Beyond the Identification of Transcribed Sequences: Functional and Expression Analysis

9th Annual Workshop, October 28-31, 1999

Co-sponsored by the U.S. Department of Energy


Oxidative metabolism and gene expression: Gene discovery array analysis

Pieter Rottiers, Vera Goossens and Johan Grooten

Laboratory of Molecular Biology, Flanders Interuniversity Institute for Biotechnology (VIB) and University of Ghent, Ghent, Belgium

Treatment of the mouse fibrosarcoma cell line L929 with tumor necrosis factor (TNF) induces necrotic cell death by a mechanism that depends on production of reactive oxygen intermediates (ROI) by mitochondria (Goossens et al., 1995). Besides oxygen, bioenergetic pathways characteristic of tumor cells (usage of glutamine instead of glucose as oxidative substrate) markedly enchanced ROI production and thus influenced the sensitivity of the cell to TNF-induced necrosis (Goossens et al., 1996). Besides resistance to TNF cytotoxicity L929 cells that have been adapted to use glucose (normal metabolism) instead of glutamine (tumor-specific metabolism) as oxidative substrate exhibit, a differentiated morphology and decreased rate of cell division (Goossens et al., 1996). Apparently, the oxidative metabolism of the cell affect also features characteristic of transformed cells namely uncontrolled growth and dedifferentiation. To verify whether altered gene expression underlies this differential behaviour, we performed PCR-based suppression subtraction hybridization to identify genes, which are differentially expressed between L929 cells dependent on glutamine (TNF-sensitive; dedifferentiated morphology) and L929 cells dependent on glucose (TNF-resistant; differentiated morphology). The subtracted PCR products were hybridized on GDA filters (Genome Systems), spotted with 18,000 non-redundant mouse cDNA clones. Subsequent analysis identified genes known to be involved in the oxidative metabolism of the cell or to contribute to signal transduction pathways, and resistance/sensitivity to apoptosis. In addition a large number of unknown genes were revealed. This result establishes a firm link between oxidative metabolism and gene expression.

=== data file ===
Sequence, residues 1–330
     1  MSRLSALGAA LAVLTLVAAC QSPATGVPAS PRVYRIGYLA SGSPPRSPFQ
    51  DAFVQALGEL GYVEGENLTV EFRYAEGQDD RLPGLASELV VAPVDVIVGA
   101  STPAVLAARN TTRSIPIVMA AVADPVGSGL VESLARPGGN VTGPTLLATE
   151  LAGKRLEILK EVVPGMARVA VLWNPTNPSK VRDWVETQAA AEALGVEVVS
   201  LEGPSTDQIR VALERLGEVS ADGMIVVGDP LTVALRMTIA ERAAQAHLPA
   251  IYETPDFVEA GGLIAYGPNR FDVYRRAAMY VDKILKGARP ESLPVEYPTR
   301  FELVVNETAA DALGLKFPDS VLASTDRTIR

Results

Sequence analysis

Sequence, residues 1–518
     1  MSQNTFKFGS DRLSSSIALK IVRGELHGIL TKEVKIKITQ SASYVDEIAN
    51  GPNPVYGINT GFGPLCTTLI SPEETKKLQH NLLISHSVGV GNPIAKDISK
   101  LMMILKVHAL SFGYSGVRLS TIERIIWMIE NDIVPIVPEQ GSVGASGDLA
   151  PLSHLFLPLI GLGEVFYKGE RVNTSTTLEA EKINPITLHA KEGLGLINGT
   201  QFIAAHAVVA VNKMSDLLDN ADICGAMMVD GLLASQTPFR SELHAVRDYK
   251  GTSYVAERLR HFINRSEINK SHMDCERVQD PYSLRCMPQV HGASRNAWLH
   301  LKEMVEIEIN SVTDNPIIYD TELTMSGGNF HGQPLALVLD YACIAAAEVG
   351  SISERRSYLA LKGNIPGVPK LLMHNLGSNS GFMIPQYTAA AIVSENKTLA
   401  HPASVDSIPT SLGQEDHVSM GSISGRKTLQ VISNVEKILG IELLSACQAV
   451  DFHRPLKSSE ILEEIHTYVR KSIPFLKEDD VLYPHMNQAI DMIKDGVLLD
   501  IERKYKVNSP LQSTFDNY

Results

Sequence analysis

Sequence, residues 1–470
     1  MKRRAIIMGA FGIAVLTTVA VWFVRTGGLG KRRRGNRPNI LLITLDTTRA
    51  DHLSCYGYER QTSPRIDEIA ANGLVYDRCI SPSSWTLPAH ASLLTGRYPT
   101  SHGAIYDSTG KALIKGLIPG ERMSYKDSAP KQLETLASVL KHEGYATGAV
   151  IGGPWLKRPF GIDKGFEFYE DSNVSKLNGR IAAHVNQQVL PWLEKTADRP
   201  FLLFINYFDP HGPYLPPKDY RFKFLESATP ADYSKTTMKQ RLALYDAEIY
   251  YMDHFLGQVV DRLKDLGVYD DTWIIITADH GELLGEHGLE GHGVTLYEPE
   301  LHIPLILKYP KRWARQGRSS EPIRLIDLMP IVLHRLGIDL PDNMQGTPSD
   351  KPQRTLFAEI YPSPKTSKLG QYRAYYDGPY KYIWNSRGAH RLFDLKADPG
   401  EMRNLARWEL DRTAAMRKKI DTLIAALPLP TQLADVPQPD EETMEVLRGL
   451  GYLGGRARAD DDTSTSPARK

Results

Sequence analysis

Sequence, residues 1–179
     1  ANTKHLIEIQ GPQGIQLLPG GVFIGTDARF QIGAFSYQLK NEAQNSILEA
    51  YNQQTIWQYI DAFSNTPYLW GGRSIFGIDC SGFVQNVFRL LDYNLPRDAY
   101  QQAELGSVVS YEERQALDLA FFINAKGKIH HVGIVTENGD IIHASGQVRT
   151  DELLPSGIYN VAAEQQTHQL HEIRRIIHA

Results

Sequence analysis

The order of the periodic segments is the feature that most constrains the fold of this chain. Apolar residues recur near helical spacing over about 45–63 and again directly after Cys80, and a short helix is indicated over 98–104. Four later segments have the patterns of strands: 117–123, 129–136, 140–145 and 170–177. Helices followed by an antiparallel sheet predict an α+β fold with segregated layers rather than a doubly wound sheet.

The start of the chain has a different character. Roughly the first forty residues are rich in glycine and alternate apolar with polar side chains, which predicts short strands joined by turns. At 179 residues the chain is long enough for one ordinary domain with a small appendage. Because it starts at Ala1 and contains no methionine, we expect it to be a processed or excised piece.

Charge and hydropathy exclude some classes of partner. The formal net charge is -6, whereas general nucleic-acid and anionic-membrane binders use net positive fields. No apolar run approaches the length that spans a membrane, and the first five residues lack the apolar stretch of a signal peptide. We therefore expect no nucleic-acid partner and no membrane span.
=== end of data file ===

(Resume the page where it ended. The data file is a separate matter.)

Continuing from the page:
Goossens, V., Grooten, J., De Vos, K. & Fiers, W. (1995) Direct evidence for Tumor Necrosis Factor-induced mitochondrial reactive oxygen intermediates and their involvement in cytotoxicity. Proc. Natl. Acad. Sci. U.S.A. 92: 8115-8119.

Goossens, V., Grooten, J. & Fiers, W. (1996) The oxidative metabolism of glutamine - A modulator of reactive oxygen intermediate-mediated cytotoxicity of tumor necrosis factor in L929 fibrosarcoma cells. J. Biol. Chem. 271: 192-196.

Return to Table of Contents